Written Answers. - National Minimum Wage.
82 Mr. McDowell asked the Tánaiste and Minister for Enterprise, Trade and Employment if her attention has been drawn to the recent quarterly report of the ESRI which suggests that low paid workers have lost out in spite of recent national agreements; the steps, if any, she will take to deal with this problem; and if she will make a statement on the matter. [3502/00]
An integral part of addressing the issue of low pay is the Government's commitment to introduce a national minimum hourly wage. I have recently published the National Minimum Wage Bill, 2000, which delivers on the Government's commitment.
As identified by ESRI's quarterly economic commentary of December 1999 low paid employees have not benefited equally from our recent economic success. I believe that the introduction of a national minimum wage heralds a new era for employees subject to low pay, so that they get a better share of the fruits of our economic growth. It is estimated that some 160,000 low paid employees will benefit from the national minimum wage.
The issue of low pay has also been one of the main concerns addressed by the recent negotiations on a new draft national agreement, the Programme for Prosperity and Fairness. The agreement provides for pay increases of: 5.5% of basic pay in year one of the agreement; 5.5% of basic pay in year two of the agreement; and 4% of basic pay in the following nine months, or in respect of low paid employees at least £12 in the first phase; £11 in the second phase; and £9 in the third phase where the above amounts are greater than the amounts obtained by reference to the relevant percentage pay increases.
As stated in the review of An Action Programme for the Millennium, the Government aims to complete the implementation of the specific and ambitious aims as set out in the programme, through a balanced strategy of removing more of the low paid from the tax net altogether, by reducing tax rates and by ensuring that a large majority of taxpayers are subject to no more than the standard rate of tax.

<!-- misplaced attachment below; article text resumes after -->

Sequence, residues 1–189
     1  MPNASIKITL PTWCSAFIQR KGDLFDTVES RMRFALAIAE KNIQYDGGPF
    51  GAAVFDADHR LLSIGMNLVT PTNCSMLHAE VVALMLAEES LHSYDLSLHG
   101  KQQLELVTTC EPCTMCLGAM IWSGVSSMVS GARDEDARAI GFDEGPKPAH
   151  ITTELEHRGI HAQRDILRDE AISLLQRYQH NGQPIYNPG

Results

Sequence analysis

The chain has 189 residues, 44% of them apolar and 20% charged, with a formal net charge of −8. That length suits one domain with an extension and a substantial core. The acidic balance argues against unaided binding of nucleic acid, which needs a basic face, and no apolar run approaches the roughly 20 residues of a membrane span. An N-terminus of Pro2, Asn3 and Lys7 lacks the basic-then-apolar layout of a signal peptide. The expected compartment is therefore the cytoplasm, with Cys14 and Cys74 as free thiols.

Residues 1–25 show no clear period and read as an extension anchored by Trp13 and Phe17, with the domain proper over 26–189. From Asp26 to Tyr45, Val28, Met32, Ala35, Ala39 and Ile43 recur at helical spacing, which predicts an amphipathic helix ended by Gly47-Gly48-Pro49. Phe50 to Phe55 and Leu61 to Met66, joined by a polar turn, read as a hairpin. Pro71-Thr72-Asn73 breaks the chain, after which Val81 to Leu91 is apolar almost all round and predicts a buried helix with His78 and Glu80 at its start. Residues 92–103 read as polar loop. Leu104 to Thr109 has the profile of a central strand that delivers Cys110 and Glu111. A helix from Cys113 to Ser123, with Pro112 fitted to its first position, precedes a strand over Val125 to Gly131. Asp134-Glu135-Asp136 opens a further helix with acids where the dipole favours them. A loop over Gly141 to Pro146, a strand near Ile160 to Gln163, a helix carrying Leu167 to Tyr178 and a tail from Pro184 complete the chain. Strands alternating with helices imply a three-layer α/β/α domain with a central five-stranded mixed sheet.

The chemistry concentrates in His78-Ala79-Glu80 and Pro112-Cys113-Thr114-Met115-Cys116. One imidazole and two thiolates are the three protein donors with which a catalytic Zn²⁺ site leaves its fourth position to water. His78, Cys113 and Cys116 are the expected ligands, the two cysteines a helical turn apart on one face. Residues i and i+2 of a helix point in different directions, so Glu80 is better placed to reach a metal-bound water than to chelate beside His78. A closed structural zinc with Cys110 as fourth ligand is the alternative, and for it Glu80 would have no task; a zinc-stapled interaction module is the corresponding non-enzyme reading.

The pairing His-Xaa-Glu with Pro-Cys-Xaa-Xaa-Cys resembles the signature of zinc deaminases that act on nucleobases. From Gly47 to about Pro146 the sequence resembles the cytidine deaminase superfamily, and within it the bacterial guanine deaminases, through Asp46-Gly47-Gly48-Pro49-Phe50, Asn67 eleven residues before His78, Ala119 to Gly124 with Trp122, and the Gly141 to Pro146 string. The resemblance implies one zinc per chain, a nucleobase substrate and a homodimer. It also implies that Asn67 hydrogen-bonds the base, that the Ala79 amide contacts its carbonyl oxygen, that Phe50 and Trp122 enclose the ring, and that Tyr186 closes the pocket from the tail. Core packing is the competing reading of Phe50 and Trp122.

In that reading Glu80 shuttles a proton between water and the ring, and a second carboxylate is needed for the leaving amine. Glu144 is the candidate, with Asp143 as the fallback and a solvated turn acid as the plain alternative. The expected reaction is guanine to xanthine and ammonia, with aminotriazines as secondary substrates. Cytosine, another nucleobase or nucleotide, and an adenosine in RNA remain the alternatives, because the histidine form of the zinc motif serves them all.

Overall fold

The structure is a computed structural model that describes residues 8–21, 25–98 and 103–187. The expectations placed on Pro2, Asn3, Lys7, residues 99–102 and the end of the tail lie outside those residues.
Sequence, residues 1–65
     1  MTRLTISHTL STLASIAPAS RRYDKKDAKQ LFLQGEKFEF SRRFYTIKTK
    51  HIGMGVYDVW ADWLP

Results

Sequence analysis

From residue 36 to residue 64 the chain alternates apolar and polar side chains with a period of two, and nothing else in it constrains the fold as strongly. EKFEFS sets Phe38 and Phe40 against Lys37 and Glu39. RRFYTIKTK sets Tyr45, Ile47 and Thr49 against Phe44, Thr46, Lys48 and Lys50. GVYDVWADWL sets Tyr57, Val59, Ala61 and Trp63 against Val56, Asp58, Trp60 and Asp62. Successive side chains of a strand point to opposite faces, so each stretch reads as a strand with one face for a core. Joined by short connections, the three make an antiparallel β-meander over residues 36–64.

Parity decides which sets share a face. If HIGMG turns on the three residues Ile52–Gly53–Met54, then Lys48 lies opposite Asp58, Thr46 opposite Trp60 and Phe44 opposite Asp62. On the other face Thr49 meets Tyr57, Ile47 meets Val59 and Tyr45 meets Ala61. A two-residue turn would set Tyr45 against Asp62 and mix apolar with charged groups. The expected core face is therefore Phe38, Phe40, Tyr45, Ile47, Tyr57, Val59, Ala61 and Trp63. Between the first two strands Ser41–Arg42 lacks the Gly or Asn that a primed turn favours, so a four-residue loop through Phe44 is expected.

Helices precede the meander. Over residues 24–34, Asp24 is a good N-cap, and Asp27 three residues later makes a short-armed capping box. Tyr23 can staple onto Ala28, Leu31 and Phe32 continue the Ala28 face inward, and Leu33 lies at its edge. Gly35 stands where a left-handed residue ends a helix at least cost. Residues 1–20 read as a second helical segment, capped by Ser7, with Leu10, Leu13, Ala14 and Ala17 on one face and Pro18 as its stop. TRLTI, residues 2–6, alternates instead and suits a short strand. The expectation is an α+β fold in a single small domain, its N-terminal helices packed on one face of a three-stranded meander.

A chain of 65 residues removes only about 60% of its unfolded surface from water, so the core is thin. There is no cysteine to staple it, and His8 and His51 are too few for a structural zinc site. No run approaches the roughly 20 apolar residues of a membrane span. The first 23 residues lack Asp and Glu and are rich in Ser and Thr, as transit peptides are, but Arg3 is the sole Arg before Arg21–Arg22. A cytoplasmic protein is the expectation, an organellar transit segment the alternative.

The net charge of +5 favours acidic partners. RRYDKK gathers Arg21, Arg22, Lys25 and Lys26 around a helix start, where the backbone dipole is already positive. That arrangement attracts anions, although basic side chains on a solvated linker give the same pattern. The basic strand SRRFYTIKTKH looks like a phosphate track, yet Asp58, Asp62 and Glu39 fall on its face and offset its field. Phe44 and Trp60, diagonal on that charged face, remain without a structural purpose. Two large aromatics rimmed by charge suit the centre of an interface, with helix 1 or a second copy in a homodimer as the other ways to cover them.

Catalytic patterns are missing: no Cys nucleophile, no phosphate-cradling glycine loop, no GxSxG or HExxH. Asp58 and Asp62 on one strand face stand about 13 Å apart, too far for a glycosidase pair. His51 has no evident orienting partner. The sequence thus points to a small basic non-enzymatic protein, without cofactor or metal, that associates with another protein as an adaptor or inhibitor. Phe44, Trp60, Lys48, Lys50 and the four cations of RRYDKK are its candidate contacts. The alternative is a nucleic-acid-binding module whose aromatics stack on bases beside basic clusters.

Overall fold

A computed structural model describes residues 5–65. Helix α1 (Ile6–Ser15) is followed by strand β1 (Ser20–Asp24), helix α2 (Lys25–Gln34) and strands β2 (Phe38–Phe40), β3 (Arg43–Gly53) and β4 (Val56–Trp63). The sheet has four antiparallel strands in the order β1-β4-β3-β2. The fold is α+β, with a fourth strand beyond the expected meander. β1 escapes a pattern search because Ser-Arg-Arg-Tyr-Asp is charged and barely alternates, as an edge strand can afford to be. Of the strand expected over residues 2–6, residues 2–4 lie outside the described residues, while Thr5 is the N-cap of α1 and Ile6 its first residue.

The aim of improving the position of the low paid is given further emphasis in the Programme for Prosperity and Fairness. The Government and the social partners have confirmed their support for further tax reform and tax reductions to improve the position of all taxpayers, increase the real take home pay of those covered by the agreement, especially those with below average earnings, and develop the structure of the tax system to deliver benefits and focus resources in an equitable manner.
I believe that the implementation of the provisions of the Programme for Prosperity and Fairness and the introduction of the national minimum wage legislation will ensure that low paid employees benefit to a greater extent than in previous national agreements.
My colleague the Minister for Social, Community and Family Affairs yesterday announced a number of additional measures in the forthcoming Social Welfare Bill aimed at improving the position of low paid workers.